Since you will be starting a letter or email with Querido(a), why don’t you finish your message in an equally comforting and memorable way?

Abraço literally means “hug,” and it is often used in writing to finish a conversation in a chat, a friendly email or a letter. Of course, it would be equally suitable for finishing a phone call!

Beijinho (Lit. “Little kiss”)

Perhaps one of the sweetest things about the Portuguese language is how it uses -inho or -inha. These are added at the ends of nouns or even names (Ronaldinho , anyone?) to indicate endearment, as well as something of a small size.

That is the case with beijo (kiss) as it becomes beijinho  (little kiss), to mean a very sweet, quick kiss as a greeting.

Most would use this at the end of a phone call, but it can also be used in writing to end a conversation. Alternatively, you could use beijinhos  (plural).

Tchau! / Xau!  (Bye!)

As in several countries around the world, you can always use the term tchau when saying goodbye at the end of a spoken or written conversation. It is quick, easy, understandable by everybody and, above all, easy to pronounce.

However, be careful, as it is informal and should not be used at the end of a more formal situation like a meeting or a job interview.

Regional Variations in Portuguese Greetings

The Portuguese language is the sole official language of seven countries: Portugal, Brazil, Cape Verde, Guinea-Bissau, Mozambique, Angola and São Tomé and Príncipe. It is also the co-official language in three other completely different parts of the globe: East Timor, Equatorial Guinea and Macau, in China.

As you can imagine, pronunciations are certain to differ in different parts of the globe, and it is pretty much impossible to include all the variations in this article!

For that reason, we will mostly compare the basic pronunciation differences between Brazilian Portuguese and European Portuguese.

When it comes to these greetings, you might notice that the most relevant difference between Brazilian and European Portuguese pronunciation relates to consonants, especially at the ends of words.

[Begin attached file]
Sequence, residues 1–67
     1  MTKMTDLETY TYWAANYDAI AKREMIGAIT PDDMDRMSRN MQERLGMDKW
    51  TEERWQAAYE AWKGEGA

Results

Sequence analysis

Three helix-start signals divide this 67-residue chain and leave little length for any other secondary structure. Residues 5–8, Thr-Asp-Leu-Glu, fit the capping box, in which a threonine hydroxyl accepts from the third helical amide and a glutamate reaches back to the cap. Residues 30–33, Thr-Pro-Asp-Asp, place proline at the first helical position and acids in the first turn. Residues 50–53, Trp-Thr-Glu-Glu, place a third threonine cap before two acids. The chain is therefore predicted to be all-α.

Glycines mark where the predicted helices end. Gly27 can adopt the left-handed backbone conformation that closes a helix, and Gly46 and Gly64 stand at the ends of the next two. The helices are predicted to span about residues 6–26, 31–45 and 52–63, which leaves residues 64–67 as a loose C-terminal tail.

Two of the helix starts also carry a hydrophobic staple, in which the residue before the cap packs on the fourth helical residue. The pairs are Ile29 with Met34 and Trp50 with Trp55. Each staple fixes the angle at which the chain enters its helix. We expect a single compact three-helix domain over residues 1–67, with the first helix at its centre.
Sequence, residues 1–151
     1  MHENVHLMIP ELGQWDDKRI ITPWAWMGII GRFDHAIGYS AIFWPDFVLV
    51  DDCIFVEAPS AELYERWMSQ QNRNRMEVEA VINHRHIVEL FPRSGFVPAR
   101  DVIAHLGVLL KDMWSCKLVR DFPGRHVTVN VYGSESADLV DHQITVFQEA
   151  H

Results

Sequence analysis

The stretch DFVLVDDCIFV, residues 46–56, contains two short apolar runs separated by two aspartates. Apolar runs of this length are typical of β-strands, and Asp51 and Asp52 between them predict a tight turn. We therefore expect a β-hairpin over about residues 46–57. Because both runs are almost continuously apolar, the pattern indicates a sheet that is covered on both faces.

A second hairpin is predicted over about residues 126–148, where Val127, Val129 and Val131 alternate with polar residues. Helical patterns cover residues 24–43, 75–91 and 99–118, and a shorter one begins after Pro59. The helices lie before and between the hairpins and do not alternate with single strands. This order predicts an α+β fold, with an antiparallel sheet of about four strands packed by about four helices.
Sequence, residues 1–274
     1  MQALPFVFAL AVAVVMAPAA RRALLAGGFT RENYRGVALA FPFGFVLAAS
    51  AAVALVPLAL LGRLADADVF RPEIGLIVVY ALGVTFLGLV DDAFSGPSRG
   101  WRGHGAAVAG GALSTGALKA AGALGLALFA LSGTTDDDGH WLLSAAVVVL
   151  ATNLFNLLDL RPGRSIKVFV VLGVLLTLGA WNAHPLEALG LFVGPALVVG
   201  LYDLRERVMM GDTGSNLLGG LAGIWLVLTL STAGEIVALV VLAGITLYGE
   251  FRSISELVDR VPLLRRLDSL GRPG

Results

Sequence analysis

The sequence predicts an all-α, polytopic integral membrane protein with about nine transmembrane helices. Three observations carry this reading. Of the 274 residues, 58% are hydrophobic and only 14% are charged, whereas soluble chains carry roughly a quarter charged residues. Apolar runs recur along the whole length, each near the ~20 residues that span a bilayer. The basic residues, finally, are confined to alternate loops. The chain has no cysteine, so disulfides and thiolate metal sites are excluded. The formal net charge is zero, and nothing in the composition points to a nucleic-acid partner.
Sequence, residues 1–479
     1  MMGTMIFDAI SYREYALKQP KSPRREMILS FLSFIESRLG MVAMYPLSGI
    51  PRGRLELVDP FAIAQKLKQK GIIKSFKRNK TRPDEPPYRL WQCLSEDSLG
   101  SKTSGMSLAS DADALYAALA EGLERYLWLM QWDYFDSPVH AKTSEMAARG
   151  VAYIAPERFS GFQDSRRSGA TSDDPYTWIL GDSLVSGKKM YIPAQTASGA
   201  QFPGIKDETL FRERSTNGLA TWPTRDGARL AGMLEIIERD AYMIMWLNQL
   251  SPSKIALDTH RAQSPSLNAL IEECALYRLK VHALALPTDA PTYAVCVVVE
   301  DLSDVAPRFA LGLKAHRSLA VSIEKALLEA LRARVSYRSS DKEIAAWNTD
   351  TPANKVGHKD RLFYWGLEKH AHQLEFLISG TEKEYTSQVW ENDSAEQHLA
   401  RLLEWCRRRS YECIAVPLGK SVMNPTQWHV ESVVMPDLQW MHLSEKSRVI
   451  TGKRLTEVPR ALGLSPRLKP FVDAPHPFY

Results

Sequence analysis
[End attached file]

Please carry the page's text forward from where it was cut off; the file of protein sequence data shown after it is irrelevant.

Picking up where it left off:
For instance, the combinations of the letters -te or -de at word endings will often sound like a -gee or a -tsh in Brazil and a simple, dry -d or -t in Portugal, as if the vowel has simply disappeared.

These variations may be difficult to understand at first, and you can use other resources to listen to them. This Langfocus YouTube video goes in-depth about the differences between Brazilian Portuguese and European Portuguese. They talk about the accent differences and the variations in some of the words as well.

You can also listen to authentic Brazilian Portuguese on the FluentU program. This website and app has authentic Portuguese videos like music videos, movie trailers and news clips to give you plenty of context for your learning.

Plus, if you find it difficult to understand, you can turn on the interactive captions (in Portuguese or English, or both if you prefer) that are included with every video in this program. This will allow you to check the definition of any word at a click without leaving the video player. In addition, you can study new vocabulary and with personalized quizzes that adapt to your learning.

Portuguese pronunciation in African countries—such as Angola or Cape Verde—will often align more closely with the European version, although these countries tend to open up vowels and have a clearer, more easily understandable accent compared to that of Portugal.


Let these greetings act as a starting point to your Portuguese-learning journey.